After bashing Nvidia for ‘arming’ China, Cerebras's backer G42 alarms US govt with suspected Beijing ties
What was it they say about folks in silicon houses?
After lambasting Nvidia's efforts to limbo-dance under US export restrictions against China, the CEO of chips-for-AI outfit Cerebras, Andrew Feldman, is back in the spotlight amid revelations one of his largest customers, G42, may be aiding the Middle Kingdom, to the ire of Uncle Sam.
A Monday New York Times report claims US intelligence agencies fear United Arab Emirates-based G42, or Group 42, may be supplying China with advanced technologies and genetic data describing millions of people.
G42 is an AI firm run by Peng Xiao — the former head of Emirati cybersecurity outfit DarkMatter, which was blocked by Mozilla after employing US cyber spies for hack-for-hire work. Xiao's biz is involved in a number of fields, including biomedical matters, transportation, energy research, and cloud computing.
To power its AI research and development, G42 tapped California-based Cerebras Systems to develop a $100 million supercomputer cluster named Condor Galaxy. Cerebras plans to build a total of nine facilities for G42 at a combined cost of $900 million.
Condor Galaxy nodes are powered by Cerebras's wafer-scale WSE-2 chips, components each the size of a dinner plate and claimed to offer impressive performance in AI training applications. Cerebras recently broke ground on the site of a second Condor Galaxy super.
According to the NYT investigation, US officials and intelligence agencies, including the folks at the CIA, believe G42 is trying keep its involvement with Beijing under wraps. Uncle Sam has also issued warnings about the organization’s work with large Chinese companies including Huawei.
In a statement to the broadsheet, G42 executive Talal Al Kaissi insisted the corporation does all it can to “remain in full compliance” with US government regulations, and is simply “partnering with leading companies and institutions with shared values and developing responsible AI solutions." Those companies include Cerebras as well as Nvidia.
Among the intelligence community’s concerns is that G42 could be a proxy for Chinese interests that cannot legally obtain US-derived AI compute resources and other sensitive tech due to export restrictions announced by the US Commerce Department in October. Reading between the lines, US intel is reportedly concerned that China is working too closely with G42, which has a lot of AI power at its fingertips, and considers the relationship a potential national security threat.
American export restrictions effectively barred the sale of most US-designed high-end GPUs and AI accelerators to Chinese buyers or users, and required suppliers to obtain licenses to sell lower-end and consumer cards like the Nvidia RTX 4090 and L4.
Those in silicon houses
In response to those rules, Nvidia will reportedly launch three GPUs with performance below the threshold at which export bans apply.
Creating such products is legal, tho Cerebras boss Feldman recently took issue with the practice in an interview with The Register.
Feldman labeled Nvidia "embarrassing," before likening the GPU giant to an AI arms dealer.
"I think Nvidia armed China single handedly," he said. "If you think about Chinese AI capabilities … Nvidia gave them extraordinary amounts of Nvidia GPUs. There's no other way to look at it. It was legal, but that doesn't mean it doesn't carry a moral responsibility."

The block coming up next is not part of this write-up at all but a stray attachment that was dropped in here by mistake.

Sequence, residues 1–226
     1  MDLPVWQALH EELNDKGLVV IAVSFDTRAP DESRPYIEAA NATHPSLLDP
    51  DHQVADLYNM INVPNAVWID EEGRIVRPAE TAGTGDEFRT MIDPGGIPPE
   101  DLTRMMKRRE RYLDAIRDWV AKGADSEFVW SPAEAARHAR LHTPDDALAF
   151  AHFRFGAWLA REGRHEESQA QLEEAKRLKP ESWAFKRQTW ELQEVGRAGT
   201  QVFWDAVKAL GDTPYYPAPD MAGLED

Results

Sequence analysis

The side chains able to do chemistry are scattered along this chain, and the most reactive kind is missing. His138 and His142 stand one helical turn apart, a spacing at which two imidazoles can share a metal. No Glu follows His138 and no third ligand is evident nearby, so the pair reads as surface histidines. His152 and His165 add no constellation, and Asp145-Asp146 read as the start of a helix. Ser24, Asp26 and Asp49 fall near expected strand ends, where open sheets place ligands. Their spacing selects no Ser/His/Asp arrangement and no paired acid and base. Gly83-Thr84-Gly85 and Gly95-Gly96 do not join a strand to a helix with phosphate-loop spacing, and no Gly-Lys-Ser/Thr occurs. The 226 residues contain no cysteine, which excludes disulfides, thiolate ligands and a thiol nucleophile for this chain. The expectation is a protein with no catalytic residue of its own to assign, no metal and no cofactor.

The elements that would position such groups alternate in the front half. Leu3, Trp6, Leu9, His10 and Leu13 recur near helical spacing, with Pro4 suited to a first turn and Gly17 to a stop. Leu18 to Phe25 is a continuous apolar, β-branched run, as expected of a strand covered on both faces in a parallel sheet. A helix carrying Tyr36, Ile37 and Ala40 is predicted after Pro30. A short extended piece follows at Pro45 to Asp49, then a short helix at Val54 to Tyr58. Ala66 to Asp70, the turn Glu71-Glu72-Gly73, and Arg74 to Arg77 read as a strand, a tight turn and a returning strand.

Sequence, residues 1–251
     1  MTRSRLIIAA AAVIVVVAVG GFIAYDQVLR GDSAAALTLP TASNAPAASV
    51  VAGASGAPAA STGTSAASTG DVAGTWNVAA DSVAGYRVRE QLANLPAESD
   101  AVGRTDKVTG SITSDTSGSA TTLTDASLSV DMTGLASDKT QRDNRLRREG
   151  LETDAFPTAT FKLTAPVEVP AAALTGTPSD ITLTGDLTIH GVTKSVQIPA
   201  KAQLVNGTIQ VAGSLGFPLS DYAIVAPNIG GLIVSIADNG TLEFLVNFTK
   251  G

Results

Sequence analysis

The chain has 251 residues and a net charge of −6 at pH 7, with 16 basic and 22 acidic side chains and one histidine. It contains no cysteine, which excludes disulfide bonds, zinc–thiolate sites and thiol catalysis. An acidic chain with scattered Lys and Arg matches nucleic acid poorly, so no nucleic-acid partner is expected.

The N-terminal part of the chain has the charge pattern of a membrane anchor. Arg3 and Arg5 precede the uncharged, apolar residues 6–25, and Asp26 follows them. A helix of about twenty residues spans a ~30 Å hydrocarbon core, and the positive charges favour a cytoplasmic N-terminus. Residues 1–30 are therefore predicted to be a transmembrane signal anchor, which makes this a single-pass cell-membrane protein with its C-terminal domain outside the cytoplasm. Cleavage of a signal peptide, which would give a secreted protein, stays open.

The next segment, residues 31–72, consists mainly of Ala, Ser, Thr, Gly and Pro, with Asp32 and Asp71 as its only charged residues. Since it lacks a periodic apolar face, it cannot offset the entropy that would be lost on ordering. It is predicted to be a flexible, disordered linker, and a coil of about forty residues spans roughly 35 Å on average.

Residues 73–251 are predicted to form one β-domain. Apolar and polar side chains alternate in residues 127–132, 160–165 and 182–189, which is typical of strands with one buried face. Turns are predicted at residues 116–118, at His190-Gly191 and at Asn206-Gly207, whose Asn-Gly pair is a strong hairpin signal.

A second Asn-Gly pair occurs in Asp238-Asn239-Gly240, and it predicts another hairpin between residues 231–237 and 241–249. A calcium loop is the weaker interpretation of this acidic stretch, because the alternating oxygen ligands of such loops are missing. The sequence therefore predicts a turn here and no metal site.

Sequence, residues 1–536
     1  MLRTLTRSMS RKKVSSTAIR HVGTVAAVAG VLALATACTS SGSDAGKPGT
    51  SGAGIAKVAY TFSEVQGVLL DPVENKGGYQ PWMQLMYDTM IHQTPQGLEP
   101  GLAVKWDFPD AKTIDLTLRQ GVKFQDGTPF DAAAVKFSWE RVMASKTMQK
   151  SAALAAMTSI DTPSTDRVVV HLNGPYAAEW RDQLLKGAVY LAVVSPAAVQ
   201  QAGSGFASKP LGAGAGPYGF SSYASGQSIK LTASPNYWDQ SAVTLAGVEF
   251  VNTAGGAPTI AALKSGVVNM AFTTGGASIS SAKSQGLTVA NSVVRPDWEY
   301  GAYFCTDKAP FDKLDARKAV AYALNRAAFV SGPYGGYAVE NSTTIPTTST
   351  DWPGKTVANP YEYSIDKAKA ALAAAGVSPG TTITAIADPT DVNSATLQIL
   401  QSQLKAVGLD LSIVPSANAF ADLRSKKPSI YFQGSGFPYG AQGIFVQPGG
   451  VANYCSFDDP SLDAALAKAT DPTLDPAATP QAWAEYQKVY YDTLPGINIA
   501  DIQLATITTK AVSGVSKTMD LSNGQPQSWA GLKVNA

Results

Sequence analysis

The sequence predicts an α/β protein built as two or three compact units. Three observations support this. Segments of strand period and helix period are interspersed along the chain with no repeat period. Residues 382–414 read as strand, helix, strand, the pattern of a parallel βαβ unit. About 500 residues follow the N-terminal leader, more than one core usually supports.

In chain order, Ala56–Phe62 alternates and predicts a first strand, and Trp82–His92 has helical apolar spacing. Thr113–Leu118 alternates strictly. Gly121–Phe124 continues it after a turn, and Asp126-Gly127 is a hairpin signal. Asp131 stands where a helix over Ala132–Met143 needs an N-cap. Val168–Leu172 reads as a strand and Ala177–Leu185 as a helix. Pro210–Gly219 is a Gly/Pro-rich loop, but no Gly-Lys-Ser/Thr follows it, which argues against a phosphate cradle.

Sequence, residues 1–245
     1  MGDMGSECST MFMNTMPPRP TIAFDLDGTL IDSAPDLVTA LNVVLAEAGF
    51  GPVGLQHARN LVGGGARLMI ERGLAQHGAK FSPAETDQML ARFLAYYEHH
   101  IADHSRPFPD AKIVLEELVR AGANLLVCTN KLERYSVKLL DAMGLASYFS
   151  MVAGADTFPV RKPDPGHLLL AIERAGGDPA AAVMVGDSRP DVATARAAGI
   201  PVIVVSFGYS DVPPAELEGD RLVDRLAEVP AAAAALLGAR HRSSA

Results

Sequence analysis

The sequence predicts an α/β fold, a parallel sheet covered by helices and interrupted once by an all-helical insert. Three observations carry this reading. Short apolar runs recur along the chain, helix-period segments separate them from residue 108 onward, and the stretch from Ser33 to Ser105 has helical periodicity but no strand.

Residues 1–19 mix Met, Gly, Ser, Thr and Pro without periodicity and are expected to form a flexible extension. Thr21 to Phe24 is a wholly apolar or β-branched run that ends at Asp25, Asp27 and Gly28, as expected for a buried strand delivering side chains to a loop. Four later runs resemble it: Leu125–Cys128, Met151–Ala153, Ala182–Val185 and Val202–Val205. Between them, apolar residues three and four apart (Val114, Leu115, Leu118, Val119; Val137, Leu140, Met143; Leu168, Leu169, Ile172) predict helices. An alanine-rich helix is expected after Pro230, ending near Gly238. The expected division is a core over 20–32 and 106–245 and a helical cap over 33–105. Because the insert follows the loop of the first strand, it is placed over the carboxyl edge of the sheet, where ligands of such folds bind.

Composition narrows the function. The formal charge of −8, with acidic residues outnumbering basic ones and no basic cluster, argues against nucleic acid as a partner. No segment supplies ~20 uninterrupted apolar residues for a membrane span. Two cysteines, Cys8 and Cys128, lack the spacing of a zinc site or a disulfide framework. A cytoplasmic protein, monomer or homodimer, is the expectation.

In the interview, Feldman also highlighted his decision not to do business in China. Which makes G42’s alleged China connection awkward. As does G42’s use of Nvidia GPUs in its systems, including the Artemis machine which achieved 7.2 petaFLOPS of double-precision performance in a LINPACK benchmark.
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In a statement to The Register, Cerebras emphasized its Condor Galaxy supercomputing clusters are based in the US and offered to G42 through Cerebras Cloud. The semiconductor outfit told us everything is above board:
Within the Cerebras Cloud, we actively operate, manage, and execute all work done on Condor Galaxy. Condor Galaxy is located at Colovore, a high-performance colocation facility in Santa Clara, and is operated under US laws, ensuring state of the art AI systems are not used by adversary states.
We're told Feldman wasn't aware of the concerns raised in the New York Times report prior to its publication this week. Asked how the startup's relationship with G42 might be impacted if these allegations or fears of close ties with Beijing were confirmed, a Cerebras spokesperson told us: "Cerebras will always act in the best interest of the US. Cerebras does not comment on speculation."
While the initial Condor Galaxy systems have been deployed in the US, it's not clear if future systems might be deployed abroad.
Banning clouds is hard
The Biden administration has taken aggressive steps to prevent the export and sale of advanced AI accelerators and chipmaking equipment to China. However, these restrictions don't do anything to prevent Chinese individuals or orgs from renting cloudy accelerators, which are freely available from many sources around the world.
Preventing the use of hosted AI infrastructure is a challenge the administration continues to consider.
The US Bureau of Industry and Security has sought comment from infrastructure-as-a-service (IaaS) providers on the feasibility of additional regulations restricting access to some of their services. The bureau wants to know how IaaS operators would identify customers developing or producing AI models of concern, and what actions could be taken to address them.
Biden also proposed regulation that would require US IaaS providers to report transactions from foreign persons which involve training of large AI models in his AI safety executive order. ®